Donald Rodney, In the House of My Father, 1996/7

In addition to the exhibition I would work with students to create related events, such as series of provocations that would be designed and devised by the steering group, this will include hands-on activities so that everybody present can partake in the discussion. 

Part two of this project would involve the steering group of students putting a ‘call out’ to other Fine Art students on campus. This would be to participate in an exhibition using the initial event as a springboard for new work. Once the exhibition is launched, and a programme of related events are organised and there is a publication made of the entire project that records the process and the new artworks made. This is then kept in library as a record and for future students to draw upon. 

Evaluation and Conclusion

Currently I can only draw upon previous projects of a similar nature to estimate how this artefact would work. On past projects when discussing race with young people, the tutor has to be aware that everybody is being included in the conversation. It is a delicate subject area so treating everybody’s contributions are done with respect and care. Occasionally, the situation arises when a student unknowingly has said something offensive or hurtful and this has to be handled in a manner that is firm, yet gentle giving a full and thorough explanation of how was said could be construed within the wider meaning and context. I feel that before commencing a project with young people on race, some ground rules and guidelines need to be in place, which would relate to how we speak to each other, as well as icebreaker activities where we all understand what is meant by the words, identity, race and racism. An artefact like this is much needed at UAL, it would be an enjoyable yet creative process for students and staff to engage with, giving lasting results.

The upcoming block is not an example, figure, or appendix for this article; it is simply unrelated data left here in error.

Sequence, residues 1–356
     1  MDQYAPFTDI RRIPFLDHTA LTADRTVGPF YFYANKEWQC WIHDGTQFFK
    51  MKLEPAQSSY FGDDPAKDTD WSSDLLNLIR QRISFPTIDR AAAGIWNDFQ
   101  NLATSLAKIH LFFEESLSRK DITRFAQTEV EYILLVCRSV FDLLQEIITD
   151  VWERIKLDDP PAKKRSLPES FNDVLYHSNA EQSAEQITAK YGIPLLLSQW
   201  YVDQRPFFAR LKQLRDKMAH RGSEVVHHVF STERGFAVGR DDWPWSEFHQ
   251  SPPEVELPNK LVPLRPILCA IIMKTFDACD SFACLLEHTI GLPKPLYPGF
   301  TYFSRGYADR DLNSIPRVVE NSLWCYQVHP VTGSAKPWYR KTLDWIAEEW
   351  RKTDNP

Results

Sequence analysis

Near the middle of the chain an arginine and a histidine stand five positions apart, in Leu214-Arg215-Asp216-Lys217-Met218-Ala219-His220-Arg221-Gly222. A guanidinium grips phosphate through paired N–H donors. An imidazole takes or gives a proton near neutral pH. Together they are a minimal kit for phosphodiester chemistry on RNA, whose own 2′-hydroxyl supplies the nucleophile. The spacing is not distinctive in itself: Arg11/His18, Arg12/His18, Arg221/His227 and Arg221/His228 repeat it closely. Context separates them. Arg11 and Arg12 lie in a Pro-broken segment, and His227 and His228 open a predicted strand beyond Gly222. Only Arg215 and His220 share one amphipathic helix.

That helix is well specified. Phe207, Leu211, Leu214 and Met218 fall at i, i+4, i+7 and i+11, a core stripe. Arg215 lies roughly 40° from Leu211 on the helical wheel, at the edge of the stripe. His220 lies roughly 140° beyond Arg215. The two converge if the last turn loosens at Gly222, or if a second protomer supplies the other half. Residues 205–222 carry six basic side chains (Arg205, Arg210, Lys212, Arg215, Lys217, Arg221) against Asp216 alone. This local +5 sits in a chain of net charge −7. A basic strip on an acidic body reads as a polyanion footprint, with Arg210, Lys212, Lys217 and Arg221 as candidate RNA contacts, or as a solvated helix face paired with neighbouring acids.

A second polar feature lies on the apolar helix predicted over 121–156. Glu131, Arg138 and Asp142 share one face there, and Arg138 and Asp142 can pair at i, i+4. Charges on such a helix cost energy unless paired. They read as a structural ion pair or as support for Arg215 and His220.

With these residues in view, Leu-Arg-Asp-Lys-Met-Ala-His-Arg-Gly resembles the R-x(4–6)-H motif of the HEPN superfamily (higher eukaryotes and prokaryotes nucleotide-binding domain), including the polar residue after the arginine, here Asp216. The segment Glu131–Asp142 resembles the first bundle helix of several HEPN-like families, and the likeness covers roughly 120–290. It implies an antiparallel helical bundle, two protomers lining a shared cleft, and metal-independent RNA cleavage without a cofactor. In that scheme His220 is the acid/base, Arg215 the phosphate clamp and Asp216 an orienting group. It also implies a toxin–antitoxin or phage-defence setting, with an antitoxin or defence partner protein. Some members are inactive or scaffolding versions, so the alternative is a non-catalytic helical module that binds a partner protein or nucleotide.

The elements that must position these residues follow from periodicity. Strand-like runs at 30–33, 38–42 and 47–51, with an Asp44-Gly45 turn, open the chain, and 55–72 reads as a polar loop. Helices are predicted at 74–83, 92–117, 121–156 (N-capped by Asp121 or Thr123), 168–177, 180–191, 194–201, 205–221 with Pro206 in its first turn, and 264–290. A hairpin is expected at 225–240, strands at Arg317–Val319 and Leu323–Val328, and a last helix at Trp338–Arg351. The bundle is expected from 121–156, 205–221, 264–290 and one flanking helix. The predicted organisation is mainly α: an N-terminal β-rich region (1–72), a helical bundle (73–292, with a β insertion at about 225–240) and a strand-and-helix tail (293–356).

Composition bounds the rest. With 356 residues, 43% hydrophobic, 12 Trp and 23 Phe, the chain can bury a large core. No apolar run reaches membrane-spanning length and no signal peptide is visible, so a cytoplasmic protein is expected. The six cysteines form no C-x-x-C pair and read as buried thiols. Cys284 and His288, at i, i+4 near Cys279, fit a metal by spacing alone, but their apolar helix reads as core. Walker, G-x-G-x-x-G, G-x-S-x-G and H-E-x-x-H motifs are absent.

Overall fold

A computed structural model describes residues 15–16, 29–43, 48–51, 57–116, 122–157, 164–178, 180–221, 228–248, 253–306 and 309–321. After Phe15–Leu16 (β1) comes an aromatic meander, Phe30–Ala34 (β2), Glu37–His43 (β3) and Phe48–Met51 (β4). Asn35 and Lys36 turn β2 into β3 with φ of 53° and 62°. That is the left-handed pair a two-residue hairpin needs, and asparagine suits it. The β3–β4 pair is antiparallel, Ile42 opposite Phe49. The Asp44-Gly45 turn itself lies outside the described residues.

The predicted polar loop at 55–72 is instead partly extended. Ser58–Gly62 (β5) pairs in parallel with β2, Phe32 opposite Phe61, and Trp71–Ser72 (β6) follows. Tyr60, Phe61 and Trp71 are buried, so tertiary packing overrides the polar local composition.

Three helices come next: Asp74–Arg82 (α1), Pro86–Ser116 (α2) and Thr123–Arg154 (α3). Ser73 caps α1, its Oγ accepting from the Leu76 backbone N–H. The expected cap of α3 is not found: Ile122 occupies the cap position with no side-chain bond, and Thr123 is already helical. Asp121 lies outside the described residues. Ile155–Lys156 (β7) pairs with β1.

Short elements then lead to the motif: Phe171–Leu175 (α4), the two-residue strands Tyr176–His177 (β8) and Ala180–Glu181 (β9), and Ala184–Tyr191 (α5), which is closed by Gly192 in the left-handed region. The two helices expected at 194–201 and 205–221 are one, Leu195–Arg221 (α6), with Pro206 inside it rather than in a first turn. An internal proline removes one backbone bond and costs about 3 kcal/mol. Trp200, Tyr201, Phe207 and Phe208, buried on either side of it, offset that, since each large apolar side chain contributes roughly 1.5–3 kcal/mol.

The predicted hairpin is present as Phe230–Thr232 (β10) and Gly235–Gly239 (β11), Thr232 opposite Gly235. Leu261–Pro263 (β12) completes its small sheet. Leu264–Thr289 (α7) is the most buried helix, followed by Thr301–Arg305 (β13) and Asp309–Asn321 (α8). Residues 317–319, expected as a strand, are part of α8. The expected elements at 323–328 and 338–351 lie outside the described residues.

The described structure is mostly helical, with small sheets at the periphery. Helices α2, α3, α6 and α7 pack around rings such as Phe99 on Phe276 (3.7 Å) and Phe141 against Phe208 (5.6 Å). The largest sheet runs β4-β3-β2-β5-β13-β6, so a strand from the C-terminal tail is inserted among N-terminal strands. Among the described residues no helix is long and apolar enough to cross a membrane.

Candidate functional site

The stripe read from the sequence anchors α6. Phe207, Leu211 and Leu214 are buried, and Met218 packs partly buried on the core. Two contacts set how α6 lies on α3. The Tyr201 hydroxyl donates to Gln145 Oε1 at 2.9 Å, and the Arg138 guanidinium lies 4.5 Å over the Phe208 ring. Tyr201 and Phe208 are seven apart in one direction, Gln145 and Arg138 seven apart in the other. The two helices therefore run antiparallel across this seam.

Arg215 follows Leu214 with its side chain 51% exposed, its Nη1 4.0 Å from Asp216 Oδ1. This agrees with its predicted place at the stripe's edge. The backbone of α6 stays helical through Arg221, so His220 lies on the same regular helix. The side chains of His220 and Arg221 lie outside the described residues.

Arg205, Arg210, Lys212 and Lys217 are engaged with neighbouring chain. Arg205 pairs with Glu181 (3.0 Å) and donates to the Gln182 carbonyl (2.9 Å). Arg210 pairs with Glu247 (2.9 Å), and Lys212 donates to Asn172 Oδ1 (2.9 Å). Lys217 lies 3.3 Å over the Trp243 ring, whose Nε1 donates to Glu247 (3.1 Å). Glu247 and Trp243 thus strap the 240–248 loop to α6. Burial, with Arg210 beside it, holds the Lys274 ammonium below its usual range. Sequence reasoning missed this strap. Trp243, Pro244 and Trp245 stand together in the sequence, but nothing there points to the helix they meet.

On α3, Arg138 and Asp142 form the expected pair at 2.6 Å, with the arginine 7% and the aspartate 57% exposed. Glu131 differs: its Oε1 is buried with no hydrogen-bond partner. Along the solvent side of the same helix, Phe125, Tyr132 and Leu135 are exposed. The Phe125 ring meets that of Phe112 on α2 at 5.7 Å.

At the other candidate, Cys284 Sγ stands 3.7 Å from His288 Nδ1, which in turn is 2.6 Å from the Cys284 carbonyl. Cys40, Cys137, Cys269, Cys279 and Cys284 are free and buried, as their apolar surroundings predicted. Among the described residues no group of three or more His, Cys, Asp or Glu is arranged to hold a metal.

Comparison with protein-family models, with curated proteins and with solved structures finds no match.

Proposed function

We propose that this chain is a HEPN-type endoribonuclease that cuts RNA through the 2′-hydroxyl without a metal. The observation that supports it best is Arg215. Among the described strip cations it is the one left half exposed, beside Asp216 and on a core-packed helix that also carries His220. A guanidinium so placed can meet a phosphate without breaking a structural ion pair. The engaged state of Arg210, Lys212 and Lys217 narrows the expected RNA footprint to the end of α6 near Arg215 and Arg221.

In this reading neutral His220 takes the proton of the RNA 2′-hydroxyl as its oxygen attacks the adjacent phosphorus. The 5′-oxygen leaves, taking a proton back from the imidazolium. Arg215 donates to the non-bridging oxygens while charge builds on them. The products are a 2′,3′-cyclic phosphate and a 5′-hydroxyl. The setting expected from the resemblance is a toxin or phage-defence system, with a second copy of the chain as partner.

Friere, P. (1970) Pedagogy of the Oppressed. London. Continuum.  

Sabri, D (2017) Students’ Experience of Identity and Attainment at UAL, Final year 4 report of a longitudinal study for the University of the Arts London 

Tapper, H ( 2013 ) A Pedagogy of Social Justice Education: Social Identity Theory, 

Intersectionality and Empowerment. Conflict Resolution Quarterly. 

Gillborn, D (2005) Education policy as an act of white supremacy: Whiteness, critical race theory and education reform

Journal of Education Policy

Sherrid, E (2016) The Room of Silence, Rhode Island School

Elizabeth Waddell, (2018) The (In)complete Marbles? Displaying the Disabled Body. The Historian 

Matthew Ryder (2014) Chris Offili’s Blue Devils; between black men and the police. Guardian Newspaper 

Cordova, RC (1998) Primitivism and Picasso’s Early Cubism. University of Berkeley 

Shades of Noir (resources) https://shadesofnoir.org.uk

Richards. A and Finnigan.T (2016) Retention and Attainment in the Disciplines: Art and Design

Higher Education Academy report

Biswas. S (1987) The Pied Piper of Hamlyn. Arts Council Collection. 

Kasimir Malevich’s Black Square https://en.wikipedia.org/wiki/Black_Square_(painting)

Rodney, Donald (1996/7) In the House of my Father. Tate Gallery Collection

Curators Urge Guggenheim to Fix Culture That ‘Enables Racism’ The New York Times 22nd June 2020

UAL so White?

#ualsowhite #race #racism #poc #inclusivity #blackarts #bame #dunasabri #attainmentgap #closingtheattainmentgap #shadesofnoir #tatebritain #decolonise #postcolonialism